Monday, Oct. 31, 2011
Berkshire Eagle staffer Ned Oliver took this awesome time-lapse sequence of the October snowstorm from Great Barrington. He linked his camera to his computer, and set frames at 25 seconds apart. The time-lapse begins with the storm on Saturday and ends with it on Sunday.
PITTSFIELD -- If anything, the predictions were a little conservative.
A surprise nor'easter left historic, double-digit amounts of snow in virtually every Berkshire County town on Saturday night, with the hilltown of Peru having the dubious distinction of being hit the hardest: A total of 32 inches, more than 2 1/2 feet, fell in town, according to the National Weather Service in Albany. That was the most in Massachusetts, the service confirmed on Monday.
Initial predictions for this record-breaking October storm were along the lines of a foot of snow. The reality, in some spots, was more than twice that figure.
"It's not only a lot of snow, but a lot of the heaviest, wettest snow that you ever want to see out there," said Peter Judge, spokesman for the Massachusetts Emergency Management Agency of the rare October storm.
State police reported more than 70 vehicles off the road throughout the county from Saturday night into Sunday morning, but no major accidents.
In terms of sheer snow depth, Berkshire County was by far the hardest hit area of the rare October storm, which blanketed much of the Northeast.
In addition to the 32 inches reported in Peru, a number of other county communities, mostly hill towns, reported 20 or more inches of snow overnight. Virtually every town in the Berkshires reported heavy snowfall figures. Pittsfield saw 18 inches, Lanesborough 17 inches, Florida and Adams 15 inches each and North Adams and Alford 14 inches each.
"This is not going to be a quick fix," Judge said. "It's totally smashing any historical records.
Despite the staggering snow totals, however, the Berkshires were largely spared the sort of damage that struck other parts of the Northeast -- where more than 3 million homes and businesses were left without electricity as the heavy, wet snow snapped tree limbs and tore down power lines.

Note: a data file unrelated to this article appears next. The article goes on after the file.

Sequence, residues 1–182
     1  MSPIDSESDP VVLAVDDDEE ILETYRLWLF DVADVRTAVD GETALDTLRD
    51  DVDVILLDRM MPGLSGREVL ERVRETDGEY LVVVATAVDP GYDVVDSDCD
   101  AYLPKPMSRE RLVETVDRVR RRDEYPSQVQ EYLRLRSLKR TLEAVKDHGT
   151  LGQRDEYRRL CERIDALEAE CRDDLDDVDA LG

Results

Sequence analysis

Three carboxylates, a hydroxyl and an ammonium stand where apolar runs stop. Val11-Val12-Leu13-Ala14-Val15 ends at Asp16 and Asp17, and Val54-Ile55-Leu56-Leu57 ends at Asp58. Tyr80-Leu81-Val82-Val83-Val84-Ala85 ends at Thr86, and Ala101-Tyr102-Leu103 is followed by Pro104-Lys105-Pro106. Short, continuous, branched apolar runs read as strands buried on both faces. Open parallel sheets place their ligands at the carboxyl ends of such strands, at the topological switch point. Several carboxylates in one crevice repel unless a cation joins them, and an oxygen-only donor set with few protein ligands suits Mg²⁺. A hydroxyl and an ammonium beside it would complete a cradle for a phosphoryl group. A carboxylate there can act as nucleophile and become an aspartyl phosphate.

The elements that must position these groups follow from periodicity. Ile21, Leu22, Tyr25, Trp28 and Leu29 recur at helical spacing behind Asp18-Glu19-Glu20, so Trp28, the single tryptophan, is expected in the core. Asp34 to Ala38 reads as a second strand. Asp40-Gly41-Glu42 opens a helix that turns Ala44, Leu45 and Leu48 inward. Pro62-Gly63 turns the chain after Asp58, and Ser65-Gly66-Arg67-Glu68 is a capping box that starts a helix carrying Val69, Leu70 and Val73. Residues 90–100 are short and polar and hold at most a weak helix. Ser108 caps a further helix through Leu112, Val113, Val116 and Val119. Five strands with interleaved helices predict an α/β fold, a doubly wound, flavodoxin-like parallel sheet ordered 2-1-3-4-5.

Both National Grid and Western Massachusetts Electric Co. reported power outages, most of which were concentrated below the Massachusetts Turnpike.
As of Sunday evening, there were still scattered power outages throughout South Berkshire County, with more than 50 each in Sheffield, Egremont and New Marlborough, according to the National Grid website. Lenox was the hardest-hit of county towns, with 884 outages as of 5 p.m. on Sunday.
The WMECO and National Grid outage website revealed that problems connected to loss of electrical power were more frequent to the east of the Berkshires, in Hampden and Hampshire Counties.
"We're told that was because while you had greater accumulations out there, the snow was not as wet and heavy as it was in other parts of New England," said WMECO spokeswoman Sandra Ahearn. "So while there was more snow, it was lighter and finer in your area."
Still, falling trees were a problem in parts of the county. One of the hardest hit downtown areas was on Main Street in Great Barrington, where the heavy snowfall brought down branches on the pear trees that line the street.
Work crews were removing debris from along that thoroughfare on Sunday. This included trimming and disposing of a considerable percentage of the branches on the trees on the street.
Most of the stores along both sides of Main Street were open, but as work crews had blocked off the parking areas to enable trucks to get to the trees, parking on Main Street along the downtown strip was extremely limited.
So although the stores were open "there aren't exactly a lot of patrons," on the street, said Tune Street employee David Grant.
The most pressing issue for many communities now was the cost of snow removal and the availability of road sand and salt.
"Once we knew on Thursday the storm was coming, we scrambled to get our snowplows and sanders ready," said Dennis Kelly, the assistant superintendent for the Lee Department of Public Works.
While the DPW had yet to receive its first shipment of road salt for the upcoming winter, Kelly did have an emergency reserve at his disposal.
"We had 400 tons left over from last winter," he noted. "I try to keep some on hand just in case."
Eagle reporter Dick Lindsay and the Associated Press contributed to this report.
Derek Gentile can be reached at firstname.lastname@example.org.
Snowfall totals throughout Berkshire County:
Peru 32 inches
Lenox Dale 21.7
Great Barrington 20.6
North Adams 14.5